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Opinion

Waiting for a US-Iran handshake

Iran's diplomatic elite believe that the time has come to lead the region.

By Iason Athanasiadis / February 27, 2008



Tehran, Iran

Alireza is an unassuming 20-something Iranian. He works as a producer for Iran's state broadcaster. But he is no ordinary Islamic Republic civil servant.

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Alireza returned to Iran two years ago, after growing up in New York and studying at an elite Canadian university. His bilingual ability in English and Farsi, fluent Arabic, and good government connections will serve him well in the evolving Islamic Republic of the 21st century.

He is, ultimately, a symbolic face of Iran's diplomatic future. And if Iran's growing regional clout compels Washington years from now to offer Tehran allied status, Alireza could quite possibly be part of the handshake that confirms the deal.

Sitting in a plush traditional restaurant in Tehran's upscale Vanak Square one rainy afternoon last month, Alireza, who preferred that his last name not be published, reflected on Iran's regional rise.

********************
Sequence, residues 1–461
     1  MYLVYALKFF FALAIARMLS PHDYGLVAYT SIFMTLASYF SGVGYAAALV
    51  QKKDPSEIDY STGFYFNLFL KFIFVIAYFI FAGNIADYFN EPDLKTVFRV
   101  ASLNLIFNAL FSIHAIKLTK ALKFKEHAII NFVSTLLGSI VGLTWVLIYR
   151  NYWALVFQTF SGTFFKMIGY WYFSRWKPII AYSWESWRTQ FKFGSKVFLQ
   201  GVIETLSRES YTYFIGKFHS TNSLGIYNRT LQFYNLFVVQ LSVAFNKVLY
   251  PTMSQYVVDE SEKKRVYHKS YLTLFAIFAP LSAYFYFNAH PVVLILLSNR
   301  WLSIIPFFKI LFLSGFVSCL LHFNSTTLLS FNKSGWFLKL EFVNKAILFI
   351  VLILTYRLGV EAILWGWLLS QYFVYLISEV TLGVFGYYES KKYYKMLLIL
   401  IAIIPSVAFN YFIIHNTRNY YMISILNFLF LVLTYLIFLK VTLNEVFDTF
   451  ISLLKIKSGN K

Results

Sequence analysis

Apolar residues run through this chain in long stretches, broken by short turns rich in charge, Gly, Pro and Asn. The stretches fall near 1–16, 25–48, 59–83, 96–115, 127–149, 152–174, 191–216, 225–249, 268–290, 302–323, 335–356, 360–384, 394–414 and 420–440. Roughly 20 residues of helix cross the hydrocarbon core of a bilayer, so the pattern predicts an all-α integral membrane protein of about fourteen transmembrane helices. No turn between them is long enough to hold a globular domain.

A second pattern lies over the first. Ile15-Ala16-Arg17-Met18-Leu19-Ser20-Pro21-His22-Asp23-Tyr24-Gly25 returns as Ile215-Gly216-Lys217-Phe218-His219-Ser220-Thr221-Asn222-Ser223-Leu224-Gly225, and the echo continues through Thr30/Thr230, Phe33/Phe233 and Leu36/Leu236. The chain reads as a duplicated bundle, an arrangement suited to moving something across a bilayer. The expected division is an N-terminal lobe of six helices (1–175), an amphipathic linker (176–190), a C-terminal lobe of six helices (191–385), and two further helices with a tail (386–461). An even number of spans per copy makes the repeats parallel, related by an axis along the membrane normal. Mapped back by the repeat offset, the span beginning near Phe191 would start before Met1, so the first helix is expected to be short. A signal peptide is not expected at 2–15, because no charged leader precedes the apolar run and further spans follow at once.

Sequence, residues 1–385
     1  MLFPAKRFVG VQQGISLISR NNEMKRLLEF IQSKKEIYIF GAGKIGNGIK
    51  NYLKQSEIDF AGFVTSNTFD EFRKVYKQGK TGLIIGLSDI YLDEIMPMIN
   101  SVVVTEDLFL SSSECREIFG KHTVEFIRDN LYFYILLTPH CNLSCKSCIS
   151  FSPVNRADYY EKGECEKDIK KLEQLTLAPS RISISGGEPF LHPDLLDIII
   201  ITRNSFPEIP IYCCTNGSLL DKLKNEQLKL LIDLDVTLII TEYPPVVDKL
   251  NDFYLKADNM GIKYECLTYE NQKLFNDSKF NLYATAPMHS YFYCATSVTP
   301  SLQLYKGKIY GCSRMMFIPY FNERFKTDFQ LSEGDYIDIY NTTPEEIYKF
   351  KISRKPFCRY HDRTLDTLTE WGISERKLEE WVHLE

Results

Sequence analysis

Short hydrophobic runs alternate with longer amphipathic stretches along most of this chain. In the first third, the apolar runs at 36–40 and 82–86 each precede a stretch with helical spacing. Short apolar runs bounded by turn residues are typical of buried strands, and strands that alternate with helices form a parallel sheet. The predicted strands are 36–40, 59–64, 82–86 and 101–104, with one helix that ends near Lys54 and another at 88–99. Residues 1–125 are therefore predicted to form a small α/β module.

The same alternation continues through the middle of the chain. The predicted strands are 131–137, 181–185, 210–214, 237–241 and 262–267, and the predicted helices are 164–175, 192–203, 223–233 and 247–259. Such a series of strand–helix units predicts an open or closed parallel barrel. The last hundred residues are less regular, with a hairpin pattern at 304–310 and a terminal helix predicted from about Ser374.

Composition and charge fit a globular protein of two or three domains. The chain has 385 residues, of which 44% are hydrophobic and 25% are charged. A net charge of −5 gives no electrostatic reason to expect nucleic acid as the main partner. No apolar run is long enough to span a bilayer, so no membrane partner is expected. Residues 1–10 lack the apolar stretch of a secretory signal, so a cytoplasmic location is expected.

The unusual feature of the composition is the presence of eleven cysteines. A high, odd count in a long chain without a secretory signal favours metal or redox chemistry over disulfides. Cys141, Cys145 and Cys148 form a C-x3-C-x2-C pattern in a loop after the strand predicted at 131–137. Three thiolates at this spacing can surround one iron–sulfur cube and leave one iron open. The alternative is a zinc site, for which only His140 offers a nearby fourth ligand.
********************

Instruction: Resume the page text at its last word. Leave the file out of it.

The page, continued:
Iranian military speedboats had recently come within firing range of US warships in the Persian Gulf, nearly provoking an international incident. The Pentagon backed down after reports of early combative rhetoric and revealed that the Iranian Navy had not threatened to "blow up" the US ships as originally claimed.

Senior Iranian military officials viewed the incident as a tactical victory that enabled them to project their power in the Persian Gulf. Beyond the diplomatic accolade of rhetorically outmaneuvering Washington, many Iranian military strategists were elated by their performance in close proximity to US warships, feeling it vindicated their asymmetrical "swarming" strategy whereby dozens of speedboats surround larger, heavily armored boats.

"We're battling might with slight," Alireza said, conveying the euphoria felt in higher ranks.

Iran's diplomatic elites assert that the time has come for their country to lead the region. With oil receipts at a record high, the Middle East's third most advanced military after Israel and Turkey, and unique geopolitical positioning between the energy hotbeds of the Persian Gulf and the Caspian Sea, Shiite-led Iran is at its strategic strongest in 30 years.

At the launching of an Iranian rocket this month, President Ahmadinejad even ventured to say, "We need to have an active and influential presence in space."

What was briefly dubbed the Sunni Axis, designed to counteract the Shiite Crescent, has collapsed in an outbreak of diplomatic overtures by Sunni-majority states Saudi Arabia and Egypt toward Iran. Mr. Ahmadinejad will make his first visit to Iraq in March.

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